Land records can provide relationship information on our ancestors and I wanted to make sure I didn't overlook these important records before I head to New England to conduct research on my Fenn and Rowley family.

Specifically, I was looking for Daniel Fenn's and Hopkins Rowley's Vermont land records.  I am trying to identify the parents of Daniel Fenn, who married Huldah Rowley, and to provide proof for Hopkins Rowley being the father of Huldah. Research already conducted shows Daniel Fenn and Hopkins Rowley in Pittsford, Rutland, Vermont and Shoreham, Addison, Vermont.

First place I went to look for Vermont land records was Family Search.org.  I ordered the following land records.

  1. Microfilm No. 28954-Shoreham Grantee and Grantor Index v 1-18
  2. Microfilm No. 28689-Pittsford, Vermont Index to Land Records (1770-1951) and Vol. 1, 1761-1790.
I photographed (old microfilm machines at my local Family History Center) the pages of Fenn's and Rowley's that bought or sold land. I went home and compiled a Deed Index chart for each surname and location and ordered the land records I needed. I ordered the following land records.

  1. Microfilm No. 28690-Pittsford Vermont Land Records, 1787-1801, Book 2,3.
  2. Microfilm No, 28957-Shoreham Vermont Land Records, 1812-1822, Vol. 5,6.
  3. Microfilm No. 28958-Shoreham Vermont Land Records, 1822-1829, Vol. 7
  4. Microfilm No. 28959-Shoreham Vermont Land Records, 1829-1851, Vol. 8
I spent hours going through these land records at my local Family History Center that is only open four hours a week.  One of the Shoreham volumes was so frustrating because the microfilm pages did not show the page numbers, so I am sitting there counting page by page and finding one and having to start counting from there.  I had to do this volume in two trips because I was getting a headache from concentrating so hard.  It might have been my bifocals, who knows.

I found land records for Daniel Fenn and Hopkins Rowley. Hopkins Rowley even sold land to Daniel Fenn.  I was so hoping for information about their relationship, but no luck.  I did find a couple of instances where Hopkins Rowley sold land to his sons, which was stated in the document, Silas and Myron Rowley.  Now, if I could prove Silas and Myron were the brothers of Huldah, I would be happy.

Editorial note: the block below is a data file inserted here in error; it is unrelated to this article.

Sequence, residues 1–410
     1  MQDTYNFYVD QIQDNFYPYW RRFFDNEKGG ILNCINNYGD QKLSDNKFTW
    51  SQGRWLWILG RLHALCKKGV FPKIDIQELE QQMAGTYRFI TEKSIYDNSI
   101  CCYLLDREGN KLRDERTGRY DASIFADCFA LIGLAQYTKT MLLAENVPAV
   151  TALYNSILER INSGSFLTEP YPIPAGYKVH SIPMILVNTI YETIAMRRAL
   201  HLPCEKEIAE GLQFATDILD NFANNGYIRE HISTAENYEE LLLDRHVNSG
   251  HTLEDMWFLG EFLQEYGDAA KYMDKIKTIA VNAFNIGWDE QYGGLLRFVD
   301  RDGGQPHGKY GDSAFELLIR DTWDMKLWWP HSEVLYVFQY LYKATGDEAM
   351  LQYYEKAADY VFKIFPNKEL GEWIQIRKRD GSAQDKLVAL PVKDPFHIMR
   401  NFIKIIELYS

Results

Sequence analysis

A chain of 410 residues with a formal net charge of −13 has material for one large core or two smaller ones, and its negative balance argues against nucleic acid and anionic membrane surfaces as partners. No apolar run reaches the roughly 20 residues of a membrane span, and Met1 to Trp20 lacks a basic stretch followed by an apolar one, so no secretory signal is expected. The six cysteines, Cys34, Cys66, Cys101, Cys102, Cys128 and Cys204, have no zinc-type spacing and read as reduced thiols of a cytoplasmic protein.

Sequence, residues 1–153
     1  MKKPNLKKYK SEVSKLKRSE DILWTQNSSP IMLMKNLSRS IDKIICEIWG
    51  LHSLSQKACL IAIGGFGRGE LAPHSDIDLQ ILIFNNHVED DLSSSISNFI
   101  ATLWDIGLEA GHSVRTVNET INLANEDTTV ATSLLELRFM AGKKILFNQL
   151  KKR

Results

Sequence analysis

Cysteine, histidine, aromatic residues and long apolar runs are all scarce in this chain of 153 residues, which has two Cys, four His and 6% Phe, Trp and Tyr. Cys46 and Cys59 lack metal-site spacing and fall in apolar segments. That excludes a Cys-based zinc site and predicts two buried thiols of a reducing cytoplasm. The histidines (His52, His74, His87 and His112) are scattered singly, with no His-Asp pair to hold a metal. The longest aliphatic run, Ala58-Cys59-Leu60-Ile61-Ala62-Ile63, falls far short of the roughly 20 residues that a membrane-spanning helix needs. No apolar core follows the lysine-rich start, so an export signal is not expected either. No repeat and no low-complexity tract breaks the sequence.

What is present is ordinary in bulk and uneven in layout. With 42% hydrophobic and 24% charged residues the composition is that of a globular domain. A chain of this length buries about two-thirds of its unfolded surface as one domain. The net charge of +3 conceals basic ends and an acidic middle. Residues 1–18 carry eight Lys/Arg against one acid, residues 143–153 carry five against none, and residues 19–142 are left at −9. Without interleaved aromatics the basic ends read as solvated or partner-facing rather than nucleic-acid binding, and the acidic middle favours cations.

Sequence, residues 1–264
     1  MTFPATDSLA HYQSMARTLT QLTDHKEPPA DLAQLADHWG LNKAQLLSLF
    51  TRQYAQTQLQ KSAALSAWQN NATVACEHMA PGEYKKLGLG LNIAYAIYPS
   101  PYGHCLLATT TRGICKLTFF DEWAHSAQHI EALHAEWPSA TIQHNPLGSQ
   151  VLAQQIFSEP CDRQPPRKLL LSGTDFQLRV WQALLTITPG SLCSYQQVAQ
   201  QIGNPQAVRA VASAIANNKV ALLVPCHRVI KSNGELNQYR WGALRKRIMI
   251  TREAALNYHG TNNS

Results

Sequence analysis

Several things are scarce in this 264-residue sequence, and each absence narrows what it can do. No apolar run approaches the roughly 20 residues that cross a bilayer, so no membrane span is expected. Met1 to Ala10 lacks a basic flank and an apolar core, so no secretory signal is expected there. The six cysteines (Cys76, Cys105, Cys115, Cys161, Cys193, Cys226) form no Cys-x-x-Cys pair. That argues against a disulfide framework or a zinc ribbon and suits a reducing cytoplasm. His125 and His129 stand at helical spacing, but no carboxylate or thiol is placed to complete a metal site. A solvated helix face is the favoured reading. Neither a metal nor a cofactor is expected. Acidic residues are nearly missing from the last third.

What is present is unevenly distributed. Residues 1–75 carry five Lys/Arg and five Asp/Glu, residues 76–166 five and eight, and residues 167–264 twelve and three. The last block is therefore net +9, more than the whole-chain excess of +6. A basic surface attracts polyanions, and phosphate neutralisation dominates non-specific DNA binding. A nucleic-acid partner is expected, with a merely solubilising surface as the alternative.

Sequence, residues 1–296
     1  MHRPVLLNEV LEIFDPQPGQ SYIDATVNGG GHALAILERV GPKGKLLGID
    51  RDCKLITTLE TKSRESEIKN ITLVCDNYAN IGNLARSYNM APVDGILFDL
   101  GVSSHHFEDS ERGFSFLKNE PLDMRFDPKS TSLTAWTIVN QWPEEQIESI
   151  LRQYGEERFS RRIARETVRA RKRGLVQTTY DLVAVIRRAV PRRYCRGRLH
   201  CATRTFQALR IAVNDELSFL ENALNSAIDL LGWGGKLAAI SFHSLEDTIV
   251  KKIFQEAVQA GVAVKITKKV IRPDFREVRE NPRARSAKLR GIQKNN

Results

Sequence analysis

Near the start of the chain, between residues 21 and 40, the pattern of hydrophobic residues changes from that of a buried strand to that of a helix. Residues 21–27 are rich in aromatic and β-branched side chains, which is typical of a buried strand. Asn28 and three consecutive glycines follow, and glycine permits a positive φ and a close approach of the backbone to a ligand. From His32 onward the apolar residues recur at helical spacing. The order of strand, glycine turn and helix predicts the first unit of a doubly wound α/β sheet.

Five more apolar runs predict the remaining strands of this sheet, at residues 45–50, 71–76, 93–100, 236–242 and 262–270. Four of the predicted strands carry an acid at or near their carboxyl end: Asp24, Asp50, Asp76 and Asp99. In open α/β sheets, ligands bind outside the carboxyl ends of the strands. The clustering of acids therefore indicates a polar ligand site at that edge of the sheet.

Finding Daniel Fenn's parentage is going to take further research, but I found a few Fenn names in early Pittsford, Vermont that look promising.

Occasionally, I would find evidence of previous residences.  For example, Jonathan Rowley of Richmond, Berkshire, Massachusetts bought land in Pittsford, Vermont in 1773.  Jonathan Rowley is the father of Hopkins Rowley.  This was the first time I saw a record showing Jonathan Rowley having a connection to Richmond.

I haven't transcribed all the land records, but that is the next thing I will do.  I want to have it done before I leave for New England.

I have left land records for later in my research and I would encourage researchers to look at them sooner, maybe right after using Census Records.  It helps place a specific person in a specific place. In addition to providing locale, land records can provide relationship information.  Land records are some of the most important records researchers can use when conducting good genealogy research. You never know what you will find in land records, so don't overlook them.  

17 August 2016

Vermont County Formations

It is important to understand the formation of states and counties when researching your family. Historical maps can help one in understanding this information.  I used the information found at mapofus.org and created a timeline for Vermont and its county formations.

1764       Vermont region under New York jurisdiction
1777       Vermont declares independence from New York
1779       Original counties were Bennington and Cumberland formed by the Republic of Vermont

1781       Rutland county is formed from Bennington County
Cumberland County is divided into Orange, Windham, and Windsor.  Vermont asserted claim to adjacent areas by creating Washington County and extending Orange and Windsor counties into New Hampshire and extending Rutland and Bennington counties into New York.

1782-Abandoned claims to adjacent lands, Washington eliminated

1783-Orange and Windsor gained from Rutland

1785-Addison county formed from Rutland County.

1786-Orange county exchanged with Addison.

1790-New York relinquishes all claims

1791-Vermont becomes a state.

1830 Map of Vermont (Fenn’s left Vermont in 1833)